As the university increasingly adopts corporate forms, objectives and practices, so the role of the academic is to improve the brand and reputation of the university (Neocleous, 2003). As can be seen in the case of MIT, the public profile provided by open, online courses and open educational resources provides a further level of academic distinction to higher education institutions, and is at once both a contribution to the ‘public good’ and a method of extracting further value out of the academic labour process (Winn, 2012). To what extent the Open Education movement can oppose the corporate personification of institutions and the objectification of their staff and students is still open to question, although the overwhelming trend so far is for OER to be seen as sustainable only to the extent that it can attract private and state funding, which serves the reputation building and, therefore, value creation of the respective universities as institutions for the public good and notable for the quality of their intellectual output.

‘The commons': a new radical common-sense

The concept of ‘the commons’ has become ubiquitous as a generic term with which to conceptualise the notion of Open Education and OERs. At the same time the notion of  ‘the commons’, has been subject to further critique and elaboration by Marxists scholars, so much so that the concept of ‘the commons’ has become the new radical commonsense, and a way of reinvigorating the concept of communism.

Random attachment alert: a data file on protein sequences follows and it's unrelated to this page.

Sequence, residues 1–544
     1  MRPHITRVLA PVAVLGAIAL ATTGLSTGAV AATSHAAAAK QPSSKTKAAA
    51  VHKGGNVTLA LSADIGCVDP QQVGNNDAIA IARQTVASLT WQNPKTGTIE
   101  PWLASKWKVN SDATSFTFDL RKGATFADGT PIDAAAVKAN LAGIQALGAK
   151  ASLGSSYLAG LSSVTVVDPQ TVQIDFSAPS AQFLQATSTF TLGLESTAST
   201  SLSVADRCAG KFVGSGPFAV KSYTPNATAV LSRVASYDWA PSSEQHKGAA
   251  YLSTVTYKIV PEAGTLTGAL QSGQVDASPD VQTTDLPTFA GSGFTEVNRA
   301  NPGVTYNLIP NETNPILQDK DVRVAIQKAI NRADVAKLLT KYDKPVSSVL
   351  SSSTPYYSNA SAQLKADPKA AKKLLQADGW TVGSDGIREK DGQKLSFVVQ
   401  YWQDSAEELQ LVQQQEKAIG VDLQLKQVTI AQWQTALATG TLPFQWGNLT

Commons has become: ‘common organisational structures, where the common is seen not as a natural resource but a social product, and this common is an exhaustible source of innovation and creativity’ (Hardt and Negri, 2009: 111-112), and ‘the incarnation, the production and the liberation of the multitude’ (2000: 303), as well as ‘the shared substance of our social being’ (Zizek, 2009). In another formulation ‘the commons’ has emerged as the verb ‘to common’, with ‘commoning’ as the basis for a new constitution,  ’the rules we use to decide how to share our common resources’ (Midnight Notes, 2009). In a more historical exposition ‘commoning’ is reclaimed as a way of establishing customary rights, the basic principles of which are: ‘anti-enclosure, neighbourhood, travel, subsistence and reparation’ (Linebaugh, 2008: 275) providing ‘the right of resistance to the reality of the planet of slums, gated communities, and terror without end’ (Linebaugh, 2008: 279), and the basis for ‘networks of resistance… against the capitalist state’ (De Angelis and Stavrides, 2011).